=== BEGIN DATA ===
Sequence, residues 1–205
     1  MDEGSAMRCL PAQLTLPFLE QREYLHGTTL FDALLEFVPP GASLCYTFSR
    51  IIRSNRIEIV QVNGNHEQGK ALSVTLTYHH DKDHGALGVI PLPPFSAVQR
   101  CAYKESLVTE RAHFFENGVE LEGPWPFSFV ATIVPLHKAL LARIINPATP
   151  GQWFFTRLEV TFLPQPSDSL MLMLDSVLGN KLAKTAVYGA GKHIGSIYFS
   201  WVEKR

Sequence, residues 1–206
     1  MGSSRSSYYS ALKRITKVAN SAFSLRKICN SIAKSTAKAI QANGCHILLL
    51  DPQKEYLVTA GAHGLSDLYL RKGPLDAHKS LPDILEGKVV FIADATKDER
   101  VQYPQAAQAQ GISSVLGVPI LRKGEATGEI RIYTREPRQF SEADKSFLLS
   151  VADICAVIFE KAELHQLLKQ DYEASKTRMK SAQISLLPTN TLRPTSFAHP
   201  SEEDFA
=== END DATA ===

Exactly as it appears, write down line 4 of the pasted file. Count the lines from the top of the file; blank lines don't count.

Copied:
   101  CAYKESLVTE RAHFFENGVE LEGPWPFSFV ATIVPLHKAL LARIINPATP